The City of Lodi has been selected by the San Joaquin Council of Governments to receive the Robert J. Cabral Leadership Award for the city's partnership with the local wine industry in developing a downtown wine-tasting room.
City of Lodi nominees are receiving two of SJCOG's five annual awards. The other city nominee, the Lodi-Woodbridge Winegrape Commission, will receive the Environment Award for the Lodi Rules, a program that provides an opportunity for winegrape growers to have their farming practicing certified as sustainable.
SJCOG, a regional planning agency, will present the awards to the City of Lodi and the Lodi-Woodbridge Winegrape Commission during ceremonies Feb. 22 at Hutchins Street Square. Entries were judged on how they provided a model that benefited the region, displayed innovation and cost-effectiveness, and improved the community.
"Good things are happening in Lodi," Lodi City Manager Blair King said. "We're excited that others in San Joaquin County recognize the efforts the city and the local winegrape growers are making that have long-term benefits for the Lodi region."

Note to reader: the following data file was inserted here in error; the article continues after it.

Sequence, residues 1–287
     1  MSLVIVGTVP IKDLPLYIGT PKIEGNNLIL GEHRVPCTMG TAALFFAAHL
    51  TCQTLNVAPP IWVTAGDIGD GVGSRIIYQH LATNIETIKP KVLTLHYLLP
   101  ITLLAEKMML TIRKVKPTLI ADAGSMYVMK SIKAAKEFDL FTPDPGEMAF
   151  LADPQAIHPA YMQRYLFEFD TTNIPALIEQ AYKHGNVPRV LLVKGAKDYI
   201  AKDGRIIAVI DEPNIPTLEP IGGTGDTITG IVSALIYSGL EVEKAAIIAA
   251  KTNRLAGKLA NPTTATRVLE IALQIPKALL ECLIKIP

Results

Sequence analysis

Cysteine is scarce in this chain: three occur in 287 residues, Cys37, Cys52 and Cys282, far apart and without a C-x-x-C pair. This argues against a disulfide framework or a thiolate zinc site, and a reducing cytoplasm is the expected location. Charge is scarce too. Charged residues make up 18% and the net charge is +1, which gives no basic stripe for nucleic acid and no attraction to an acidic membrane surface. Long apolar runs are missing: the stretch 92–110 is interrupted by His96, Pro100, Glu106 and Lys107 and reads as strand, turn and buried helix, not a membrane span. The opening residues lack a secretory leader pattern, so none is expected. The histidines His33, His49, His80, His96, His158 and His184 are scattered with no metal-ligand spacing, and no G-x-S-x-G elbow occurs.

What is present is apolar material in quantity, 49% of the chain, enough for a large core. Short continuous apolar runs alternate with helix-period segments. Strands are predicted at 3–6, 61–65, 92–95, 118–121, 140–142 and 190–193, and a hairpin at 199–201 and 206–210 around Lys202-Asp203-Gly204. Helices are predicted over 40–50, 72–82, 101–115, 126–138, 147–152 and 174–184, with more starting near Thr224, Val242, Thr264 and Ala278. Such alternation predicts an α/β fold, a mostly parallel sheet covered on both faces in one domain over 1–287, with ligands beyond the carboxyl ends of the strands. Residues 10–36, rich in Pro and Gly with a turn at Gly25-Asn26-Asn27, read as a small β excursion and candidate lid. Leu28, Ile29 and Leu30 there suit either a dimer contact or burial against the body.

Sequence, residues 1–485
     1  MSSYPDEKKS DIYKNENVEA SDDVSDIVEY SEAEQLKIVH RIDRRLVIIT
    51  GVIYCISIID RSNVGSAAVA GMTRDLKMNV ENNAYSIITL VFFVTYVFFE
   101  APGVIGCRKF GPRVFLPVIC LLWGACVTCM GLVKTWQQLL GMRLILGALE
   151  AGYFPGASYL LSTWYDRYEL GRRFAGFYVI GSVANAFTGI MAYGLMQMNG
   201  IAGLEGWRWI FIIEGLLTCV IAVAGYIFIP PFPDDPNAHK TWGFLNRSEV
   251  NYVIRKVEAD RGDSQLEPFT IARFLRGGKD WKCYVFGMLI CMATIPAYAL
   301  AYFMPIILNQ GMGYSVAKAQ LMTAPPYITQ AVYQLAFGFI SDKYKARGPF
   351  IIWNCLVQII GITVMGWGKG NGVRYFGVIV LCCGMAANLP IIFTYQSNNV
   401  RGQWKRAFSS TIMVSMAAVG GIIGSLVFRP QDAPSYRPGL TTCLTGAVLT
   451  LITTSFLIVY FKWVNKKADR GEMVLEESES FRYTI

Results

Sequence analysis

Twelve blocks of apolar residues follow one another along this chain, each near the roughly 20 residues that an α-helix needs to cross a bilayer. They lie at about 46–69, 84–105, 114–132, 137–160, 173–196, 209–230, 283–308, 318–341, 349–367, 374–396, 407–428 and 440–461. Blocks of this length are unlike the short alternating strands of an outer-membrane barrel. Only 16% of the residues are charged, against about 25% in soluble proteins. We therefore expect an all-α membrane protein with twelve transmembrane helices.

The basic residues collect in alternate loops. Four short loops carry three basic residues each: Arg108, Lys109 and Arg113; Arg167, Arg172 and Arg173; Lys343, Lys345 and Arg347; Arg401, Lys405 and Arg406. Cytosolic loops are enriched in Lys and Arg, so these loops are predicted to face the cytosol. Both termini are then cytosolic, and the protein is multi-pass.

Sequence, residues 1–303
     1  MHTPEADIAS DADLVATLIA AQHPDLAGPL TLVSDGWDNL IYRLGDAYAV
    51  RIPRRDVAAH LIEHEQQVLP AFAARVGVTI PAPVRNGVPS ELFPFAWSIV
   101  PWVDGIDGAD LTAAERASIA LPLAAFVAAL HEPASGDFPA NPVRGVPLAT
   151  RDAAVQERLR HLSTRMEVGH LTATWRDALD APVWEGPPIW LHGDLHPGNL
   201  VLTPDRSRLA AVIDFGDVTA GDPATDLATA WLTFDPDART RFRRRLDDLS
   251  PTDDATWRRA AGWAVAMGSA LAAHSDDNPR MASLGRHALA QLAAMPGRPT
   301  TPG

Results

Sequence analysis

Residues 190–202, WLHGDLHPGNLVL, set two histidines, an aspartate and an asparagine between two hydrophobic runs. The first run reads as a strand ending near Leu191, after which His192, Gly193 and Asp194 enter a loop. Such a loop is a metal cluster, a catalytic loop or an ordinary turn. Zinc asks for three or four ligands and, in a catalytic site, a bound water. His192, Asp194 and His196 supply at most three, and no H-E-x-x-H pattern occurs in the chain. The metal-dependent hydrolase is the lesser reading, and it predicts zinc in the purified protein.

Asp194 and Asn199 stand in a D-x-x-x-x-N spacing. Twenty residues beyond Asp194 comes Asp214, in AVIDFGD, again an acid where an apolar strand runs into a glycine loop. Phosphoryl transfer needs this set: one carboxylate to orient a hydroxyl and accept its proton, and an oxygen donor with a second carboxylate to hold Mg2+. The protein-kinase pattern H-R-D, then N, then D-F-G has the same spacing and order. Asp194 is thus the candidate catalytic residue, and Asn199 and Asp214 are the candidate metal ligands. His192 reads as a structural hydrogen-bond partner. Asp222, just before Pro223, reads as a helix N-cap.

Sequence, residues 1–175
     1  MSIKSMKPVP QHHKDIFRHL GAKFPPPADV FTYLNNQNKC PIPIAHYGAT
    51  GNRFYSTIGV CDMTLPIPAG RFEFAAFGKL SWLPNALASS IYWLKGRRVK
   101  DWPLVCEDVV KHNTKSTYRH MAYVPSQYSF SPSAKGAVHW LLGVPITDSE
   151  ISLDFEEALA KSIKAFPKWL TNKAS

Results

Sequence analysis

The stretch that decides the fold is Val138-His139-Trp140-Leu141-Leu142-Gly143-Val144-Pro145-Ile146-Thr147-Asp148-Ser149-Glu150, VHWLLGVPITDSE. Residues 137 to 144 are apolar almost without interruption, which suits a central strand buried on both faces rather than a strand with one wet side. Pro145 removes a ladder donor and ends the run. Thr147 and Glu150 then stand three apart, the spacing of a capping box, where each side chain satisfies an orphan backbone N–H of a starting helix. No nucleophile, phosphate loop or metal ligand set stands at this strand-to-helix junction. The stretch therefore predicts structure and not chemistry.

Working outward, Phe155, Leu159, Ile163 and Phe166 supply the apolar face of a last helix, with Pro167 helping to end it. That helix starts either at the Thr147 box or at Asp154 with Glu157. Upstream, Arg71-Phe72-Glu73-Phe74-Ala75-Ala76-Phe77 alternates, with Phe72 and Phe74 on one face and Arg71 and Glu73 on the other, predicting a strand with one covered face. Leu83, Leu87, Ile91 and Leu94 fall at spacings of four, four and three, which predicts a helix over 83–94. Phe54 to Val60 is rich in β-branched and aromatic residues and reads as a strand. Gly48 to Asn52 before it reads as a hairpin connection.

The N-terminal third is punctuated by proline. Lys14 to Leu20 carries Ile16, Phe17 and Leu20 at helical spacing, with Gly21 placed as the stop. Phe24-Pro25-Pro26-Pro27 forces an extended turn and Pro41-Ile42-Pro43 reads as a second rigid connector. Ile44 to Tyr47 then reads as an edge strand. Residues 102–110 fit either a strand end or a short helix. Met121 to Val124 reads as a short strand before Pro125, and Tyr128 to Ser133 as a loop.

Lodi partnered with three wineries -- Van Ruiten Family Winery, Jessie's Grove Winery and Michael-David Vineyards -- to open "cellardoor," at 21 N. School St., in early 2007. The wineries needed a way to meet the state's increasingly stringent wastewater discharge rules, and the city was looking for more downtown wine-tasting rooms. The wineries joined to open cellardoor, in return for the ability to discharge their industrial wastewater to Lodi's White Slough Regional Water Pollution Control Facility (paying an out-of-city surcharge).
The Lodi Rules, crafted by the nearly 800-member Lodi-Woodbridge Winegrape Commission, became the first third-party-certified sustainable winegrape-growing program in the State of California. The commission hopes to have 7,000 acres from the 2007 crop certified as grown under the Lodi Rules, which emphasizes practices that reduce pesticide applications. The Lodi Rules benefit the environment and growers who are looking not only to reduce costs, but reach a growing segment of consumers looking for earth-friendly products.